Senate panel passes alternative plan for education funding

  • By Donna Gordon Blankinship Associated Press
  • Thursday, January 28, 2016 2:31pm
  • Local NewsNorthwest

SEATTLE — The Senate Education Committee on Thursday passed an alternative plan for fixing the way Washington state pays for public schools that few lawmakers on the committee seemed happy about.

The bill contrasts with a similar measure passed in the House on Monday, by setting a different deadline for finishing the work ordered by the state Supreme Court in 2012 in its so-called McCleary decision, in which the justices said school funding was not adequate or uniform.

The competing measures both came out of a bi-partisan task force set up by the governor to tackle the last part of the McCleary decision, moving away from using local school levies to pay for basic education.

The measure passed by the House would order the 2017 Legislature to finish that work. The measure passed 5-4 on Thursday by the Senate Education Committee would give lawmakers until sometime in 2018 to finish the work.

The Senate bill has been sent on to the Senate Ways and Means Committee for further discussion.

The bills are also different in another way: It sets a higher bar for recommendations from the task force that will be set up as a result of the proposal. Both the House and Senate measures have removed another part of the original proposal on money for more classrooms.

Committee Chairman Sen. Steve Litzow, R-Mercer Island, said this action was just the next step in a very complicated process and he expected the Senate would continue to work with the House to find a compromise.

But Sen. Christine Rolfes, D-Bainbridge Island, said the changes approved by the Senate Education Committee were not bipartisan and did not acknowledge the work of the governor’s task force.

“The underlying bill was a carefully crafted piece of legislation that kept everybody at the table,” said Rolfes, who served on that task force. “This amendment significantly weakens it.”

House Majority Leader Pat Sullivan, D-Covington, said that he was frustrated with the Senate panel’s actions, noting that lawmakers have worked for months to find a bipartisan compromise.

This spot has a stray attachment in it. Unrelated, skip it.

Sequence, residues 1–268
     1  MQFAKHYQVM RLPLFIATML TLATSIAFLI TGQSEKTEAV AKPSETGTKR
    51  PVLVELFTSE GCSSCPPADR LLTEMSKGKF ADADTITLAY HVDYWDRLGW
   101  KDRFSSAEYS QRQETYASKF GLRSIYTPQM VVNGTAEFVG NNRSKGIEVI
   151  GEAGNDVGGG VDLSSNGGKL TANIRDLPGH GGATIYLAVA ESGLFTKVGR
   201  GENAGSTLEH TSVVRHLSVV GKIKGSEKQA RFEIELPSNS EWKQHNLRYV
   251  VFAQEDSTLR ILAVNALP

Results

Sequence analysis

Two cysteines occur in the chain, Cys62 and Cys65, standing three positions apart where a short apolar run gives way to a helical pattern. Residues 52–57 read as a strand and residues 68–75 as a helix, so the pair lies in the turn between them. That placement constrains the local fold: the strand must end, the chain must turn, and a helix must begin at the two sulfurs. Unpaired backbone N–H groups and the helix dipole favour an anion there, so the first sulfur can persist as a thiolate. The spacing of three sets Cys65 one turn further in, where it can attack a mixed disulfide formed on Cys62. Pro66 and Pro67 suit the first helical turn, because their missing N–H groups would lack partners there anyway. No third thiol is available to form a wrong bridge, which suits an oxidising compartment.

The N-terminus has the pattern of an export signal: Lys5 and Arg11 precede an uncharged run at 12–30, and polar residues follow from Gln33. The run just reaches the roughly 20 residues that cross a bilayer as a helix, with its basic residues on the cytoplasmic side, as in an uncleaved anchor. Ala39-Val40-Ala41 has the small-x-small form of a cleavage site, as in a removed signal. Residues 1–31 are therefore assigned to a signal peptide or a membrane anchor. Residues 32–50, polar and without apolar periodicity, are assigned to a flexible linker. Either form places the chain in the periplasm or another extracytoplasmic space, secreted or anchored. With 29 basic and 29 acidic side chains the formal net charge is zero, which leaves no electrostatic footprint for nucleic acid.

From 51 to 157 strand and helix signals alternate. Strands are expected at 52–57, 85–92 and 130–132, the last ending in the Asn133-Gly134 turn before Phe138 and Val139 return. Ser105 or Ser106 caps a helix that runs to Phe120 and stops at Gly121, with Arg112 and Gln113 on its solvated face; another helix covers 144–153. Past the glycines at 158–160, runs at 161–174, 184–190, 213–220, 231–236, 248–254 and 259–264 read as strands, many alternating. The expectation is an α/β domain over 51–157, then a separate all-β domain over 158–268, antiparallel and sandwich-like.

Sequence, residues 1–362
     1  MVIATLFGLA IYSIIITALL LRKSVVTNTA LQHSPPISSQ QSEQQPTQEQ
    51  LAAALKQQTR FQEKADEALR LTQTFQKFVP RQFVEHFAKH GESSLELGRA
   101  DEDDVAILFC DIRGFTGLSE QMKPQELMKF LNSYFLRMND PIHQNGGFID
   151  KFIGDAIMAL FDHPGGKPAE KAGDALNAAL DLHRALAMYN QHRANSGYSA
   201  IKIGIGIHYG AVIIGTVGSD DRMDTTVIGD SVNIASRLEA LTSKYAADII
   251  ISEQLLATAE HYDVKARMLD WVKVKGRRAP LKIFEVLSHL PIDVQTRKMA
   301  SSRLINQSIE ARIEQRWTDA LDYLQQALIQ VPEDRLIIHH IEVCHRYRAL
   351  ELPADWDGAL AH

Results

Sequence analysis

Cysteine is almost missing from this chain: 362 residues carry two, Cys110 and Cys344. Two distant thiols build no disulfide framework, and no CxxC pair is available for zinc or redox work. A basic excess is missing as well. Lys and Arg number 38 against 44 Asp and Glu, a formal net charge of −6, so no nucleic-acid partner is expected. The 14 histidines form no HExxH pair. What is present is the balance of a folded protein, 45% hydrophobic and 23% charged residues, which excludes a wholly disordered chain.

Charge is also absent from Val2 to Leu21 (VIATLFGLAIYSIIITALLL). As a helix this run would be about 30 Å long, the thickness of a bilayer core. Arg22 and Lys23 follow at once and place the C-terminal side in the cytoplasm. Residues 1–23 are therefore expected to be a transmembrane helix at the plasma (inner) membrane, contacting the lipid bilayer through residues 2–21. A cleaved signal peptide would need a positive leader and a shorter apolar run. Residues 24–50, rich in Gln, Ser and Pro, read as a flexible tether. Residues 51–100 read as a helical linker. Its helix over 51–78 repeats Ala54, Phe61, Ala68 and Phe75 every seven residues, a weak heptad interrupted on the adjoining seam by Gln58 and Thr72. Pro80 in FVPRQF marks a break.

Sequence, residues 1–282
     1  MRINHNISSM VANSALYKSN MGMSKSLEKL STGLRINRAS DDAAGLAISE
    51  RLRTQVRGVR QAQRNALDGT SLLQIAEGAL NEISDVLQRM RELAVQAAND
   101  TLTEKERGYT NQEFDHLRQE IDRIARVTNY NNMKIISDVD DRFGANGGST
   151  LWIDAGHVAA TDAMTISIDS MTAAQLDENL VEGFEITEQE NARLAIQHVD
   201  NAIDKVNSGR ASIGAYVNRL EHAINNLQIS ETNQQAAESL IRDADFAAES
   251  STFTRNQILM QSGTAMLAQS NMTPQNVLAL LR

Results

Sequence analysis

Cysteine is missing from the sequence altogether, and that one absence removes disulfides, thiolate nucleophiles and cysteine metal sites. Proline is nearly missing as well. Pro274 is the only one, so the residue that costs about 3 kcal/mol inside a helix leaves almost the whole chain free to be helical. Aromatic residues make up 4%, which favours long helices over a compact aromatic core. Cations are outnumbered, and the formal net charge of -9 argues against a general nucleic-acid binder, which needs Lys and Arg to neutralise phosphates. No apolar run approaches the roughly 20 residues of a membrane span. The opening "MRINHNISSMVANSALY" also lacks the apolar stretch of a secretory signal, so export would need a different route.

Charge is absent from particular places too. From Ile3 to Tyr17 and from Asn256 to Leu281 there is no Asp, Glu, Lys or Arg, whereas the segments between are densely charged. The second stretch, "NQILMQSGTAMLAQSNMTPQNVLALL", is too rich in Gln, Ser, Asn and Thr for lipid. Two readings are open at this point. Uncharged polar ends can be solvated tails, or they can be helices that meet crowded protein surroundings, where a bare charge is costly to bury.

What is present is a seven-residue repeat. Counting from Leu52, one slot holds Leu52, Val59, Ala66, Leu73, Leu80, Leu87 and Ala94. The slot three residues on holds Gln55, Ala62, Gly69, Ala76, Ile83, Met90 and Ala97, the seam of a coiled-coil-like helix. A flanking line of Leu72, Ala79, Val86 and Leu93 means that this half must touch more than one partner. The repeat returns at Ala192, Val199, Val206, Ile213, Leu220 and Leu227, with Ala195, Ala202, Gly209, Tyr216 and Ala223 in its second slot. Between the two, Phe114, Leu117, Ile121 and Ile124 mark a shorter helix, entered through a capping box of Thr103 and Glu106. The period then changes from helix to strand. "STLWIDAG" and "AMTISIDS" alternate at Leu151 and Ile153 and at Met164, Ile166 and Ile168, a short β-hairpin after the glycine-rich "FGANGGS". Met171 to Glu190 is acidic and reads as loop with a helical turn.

“I think it’s breaking a promise,” he said.

Sullivan noted that Democrats didn’t get everything they wanted in the compromise bill, but stuck to the agreement in the measure that passed out of the House. Now, he said Republicans in the Senate “only want to address the issues that they’re concerned about.”

“Is it fair for us to revisit and bring up our issues again?” he asked. “It’s hugely frustrating that they would take a huge step backward.”

Both Democrats and Republicans on the Senate Education Committee said they were unhappy with the underlying bill, because it just talked about finishing the McCleary work and did not actually finish it. The amended version they passed on Thursday took the same approach.

Sen. Bruce Dammeier, R-Puyallup, who also served on the governor’s task force, said he wishes the Legislature was ready to move faster.

“I wish we were doing more and wish it was stronger and wish we were solving the problem for our students,” Dammeier said, adding that he still believes the current measure will help lawmakers get to that goal.

Sen. Ann Rivers, R-La Center, said her fellow lawmakers should not have expected the bill that came out of the governor’s task force would be the final word on the matter.

“As with any major policy decision that we make, we will continue to work on this,” Rivers said. “One way or another we are going to get this done.”

Both measures would set up another task force to find a solution to the state’s overreliance on local school levies to pay for basic education. They also would ask school districts for more details about the way they spend their local tax money to help lawmakers determine how much of it is paying for things like teacher salaries that the state should be covering.

The levy issue is the last hurdle to bringing lawmakers into compliance with the Washington high court’s so-called McCleary decision. It’s also what lawmakers call the most challenging part of the work.

The Legislature has addressed other issues cited by the court, including putting more than $2 billion into student transportation, all-day kindergarten, smaller classes and classroom supplies.

The Supreme Court has been holding the state in contempt because the Legislature has not made a plan for finishing the McCleary work, which must be done by 2018. The court has been sanctioning lawmakers $100,000 a day since August, with the money to go into a special account for education.

Democratic Gov. Jay Inslee expressed optimism that lawmakers would “fulfill their duty,” but said Thursday that the state needs to make sure it has a plan to have the funding available for schools by the 2017-18 school year.

“That is the date, the IOU if you will, to our children,” he said. “To accomplish that, that needs to be done in the 2017 session.”

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